The practice of adding industrial chemical melamine, normally used to make plastics, to watered-down milk to boost apparent protein levels, is quite common in China.

Melamine, which causes urinary problems including kidney stones, was first discovered in baby formula and then in liquid milk, yoghurt and ice-cream, leading to mass recalls.

At least four children have died from drinking poisonous baby formula.

Some Chinese media reports have said the melamine baby formula scam had been going on in China for years, with the Communist country’s corrupt food safety system that could not prevent use of toxic chemicals in baby toys or food.

Let’s not forget where the baby toys contaminated with lead came from. That’s right – China!

Last year, melamine was found in exports of Chinese pet food which killed cats and dogs in the United States.

As the World Health Organization questioned Beijing’s handling of the crisis,a Hong Kong toddler also became the first child affected outside the mainland. A three-year-old girl developed a kidney stone after drinking Chinese milk powder but she has left hospital and is in good condition.

Meanwhile, more countries moved to bar Chinese milk products.

“It seems people already knew of this problem for some time and did not share this information,” Shigeru Omi, Western Pacific director of the UN’s World Health Organization, said on Sunday.

“What we want to do now is prevent this happening again, not just with milk products, but with all foods,” he said.

Food? Oh my. This is scary. How many thousands of people WORLDWIDE are eating melamine-contaminated Chinese dim sum, spring rolls, or takeaway RIGHT NOW?

 I guess I will never eat Chinese food ever again, unless it comes from reputable sources (do they actually exist?) or if I cook it myself from organic or at least local products with ZERO ingredients from China.

Sorry, but I think it’s just not worth it.

INFO SOURCE: Agence France Presse.

Protective effects of breast milk are higher in girls than in boys, found Johns Hopkins Children’s Center investigators.

Challenging the long-standing belief that breast-feeding equally protects all babies against disease, research suggests that when it comes to respiratory infections, the protective effects of breast milk are higher in girls than in boys.

Following 119 premature babies in Buenos Aires through their first year of life, researchers found that breast-feeding not only offered more protection to girls than boys, but also that formula-fed girls had the highest risk for severe respiratory infections.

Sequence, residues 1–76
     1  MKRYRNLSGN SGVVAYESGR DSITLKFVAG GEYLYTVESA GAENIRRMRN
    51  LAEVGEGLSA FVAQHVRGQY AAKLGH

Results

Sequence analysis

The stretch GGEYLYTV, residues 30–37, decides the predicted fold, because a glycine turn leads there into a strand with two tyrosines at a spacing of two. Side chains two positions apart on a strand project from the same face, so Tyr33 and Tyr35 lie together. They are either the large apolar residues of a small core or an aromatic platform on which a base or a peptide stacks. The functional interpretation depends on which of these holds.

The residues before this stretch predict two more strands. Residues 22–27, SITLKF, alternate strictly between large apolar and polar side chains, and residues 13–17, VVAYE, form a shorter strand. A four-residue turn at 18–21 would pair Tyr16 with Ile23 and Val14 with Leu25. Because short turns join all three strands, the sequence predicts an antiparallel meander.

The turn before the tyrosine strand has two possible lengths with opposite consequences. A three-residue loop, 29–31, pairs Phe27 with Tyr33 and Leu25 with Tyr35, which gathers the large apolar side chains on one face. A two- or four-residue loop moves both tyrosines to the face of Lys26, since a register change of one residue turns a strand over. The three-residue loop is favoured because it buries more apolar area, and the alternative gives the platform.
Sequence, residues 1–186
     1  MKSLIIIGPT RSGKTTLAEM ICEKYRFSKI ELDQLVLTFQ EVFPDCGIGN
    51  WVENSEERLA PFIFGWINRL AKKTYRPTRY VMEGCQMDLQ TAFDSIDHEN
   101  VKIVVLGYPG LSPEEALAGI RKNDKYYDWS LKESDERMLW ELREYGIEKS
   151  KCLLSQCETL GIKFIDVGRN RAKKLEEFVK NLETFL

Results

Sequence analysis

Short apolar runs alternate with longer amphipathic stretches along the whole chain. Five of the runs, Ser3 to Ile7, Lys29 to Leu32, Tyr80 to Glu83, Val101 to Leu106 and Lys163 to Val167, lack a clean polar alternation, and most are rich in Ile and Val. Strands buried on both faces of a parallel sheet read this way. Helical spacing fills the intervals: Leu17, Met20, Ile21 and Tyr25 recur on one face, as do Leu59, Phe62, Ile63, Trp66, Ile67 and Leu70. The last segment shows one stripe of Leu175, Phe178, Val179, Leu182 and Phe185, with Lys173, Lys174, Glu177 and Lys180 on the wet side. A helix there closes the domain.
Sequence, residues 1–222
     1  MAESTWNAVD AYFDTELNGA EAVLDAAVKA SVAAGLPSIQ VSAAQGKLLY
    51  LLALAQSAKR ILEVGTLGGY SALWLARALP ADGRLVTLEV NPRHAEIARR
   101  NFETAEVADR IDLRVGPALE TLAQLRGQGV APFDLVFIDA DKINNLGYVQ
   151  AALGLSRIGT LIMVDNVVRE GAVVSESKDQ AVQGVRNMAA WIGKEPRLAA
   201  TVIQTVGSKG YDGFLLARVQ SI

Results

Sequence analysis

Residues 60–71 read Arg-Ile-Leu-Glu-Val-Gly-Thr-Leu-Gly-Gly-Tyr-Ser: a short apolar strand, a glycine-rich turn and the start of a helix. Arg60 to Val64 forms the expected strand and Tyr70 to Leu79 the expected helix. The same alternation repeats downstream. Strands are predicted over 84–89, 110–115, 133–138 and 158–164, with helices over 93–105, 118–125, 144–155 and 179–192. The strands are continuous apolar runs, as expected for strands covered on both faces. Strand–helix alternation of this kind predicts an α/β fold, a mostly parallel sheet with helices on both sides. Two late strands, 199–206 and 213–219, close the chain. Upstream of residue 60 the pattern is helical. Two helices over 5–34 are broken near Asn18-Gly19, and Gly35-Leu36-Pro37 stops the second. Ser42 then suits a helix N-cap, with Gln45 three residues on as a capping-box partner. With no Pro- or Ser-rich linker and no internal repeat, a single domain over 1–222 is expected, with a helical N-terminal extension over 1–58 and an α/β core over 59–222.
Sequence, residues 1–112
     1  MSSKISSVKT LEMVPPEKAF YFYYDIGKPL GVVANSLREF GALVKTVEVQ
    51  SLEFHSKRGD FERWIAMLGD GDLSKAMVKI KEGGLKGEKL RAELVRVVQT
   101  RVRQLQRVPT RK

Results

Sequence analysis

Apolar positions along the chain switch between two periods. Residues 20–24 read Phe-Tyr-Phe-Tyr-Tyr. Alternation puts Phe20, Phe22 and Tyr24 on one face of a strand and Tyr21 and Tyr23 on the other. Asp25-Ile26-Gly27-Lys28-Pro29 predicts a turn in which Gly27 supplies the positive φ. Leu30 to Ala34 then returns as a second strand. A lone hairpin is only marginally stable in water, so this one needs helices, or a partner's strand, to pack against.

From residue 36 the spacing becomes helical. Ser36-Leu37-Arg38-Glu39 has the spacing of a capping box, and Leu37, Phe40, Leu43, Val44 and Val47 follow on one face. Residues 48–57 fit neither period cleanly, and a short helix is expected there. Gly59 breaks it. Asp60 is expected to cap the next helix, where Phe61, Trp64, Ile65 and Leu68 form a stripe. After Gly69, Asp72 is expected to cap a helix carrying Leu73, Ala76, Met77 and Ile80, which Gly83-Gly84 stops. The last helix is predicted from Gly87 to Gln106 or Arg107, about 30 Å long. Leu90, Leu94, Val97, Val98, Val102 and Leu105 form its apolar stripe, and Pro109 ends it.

The findings, reported in the June issue of Pediatrics, cast doubt on the theory that immune system chemicals contained in breast milk and passed directly from mother to newborn are responsible for preventing the infections. If this were the case, researchers say, both boys and girls would likely derive equal protection.

In addition, breast-feeding did not appear to affect the number of infections, but rather their severity and the need for hospitalization, meaning that breast milk does not prevent a baby from getting an infection, but helps a baby cope with an infection better.

“In light of these results, we are starting to think that milk does not directly transfer protection against lung infections but instead switches on a universal protective mechanism, already in the baby, that is for some reason easier to turn on in girls than in boys,” says senior investigator Fernando Polack, M.D., an infectious disease specialist at Hopkins Children’s.

Shortly after birth, formula-fed girls were eight times more likely than breast-fed girls to develop serious respiratory infections requiring hospitalization, the study results showed. Formula-fed girls were also more likely to develop such infections than both breast-fed and non-breast-fed boys.

“When resources are limited, it helps to know that your high-risk group is formula-fed girls,” Polack says. The findings also suggest that the mothers of premature girls should be strongly encouraged to breast-feed, investigators say.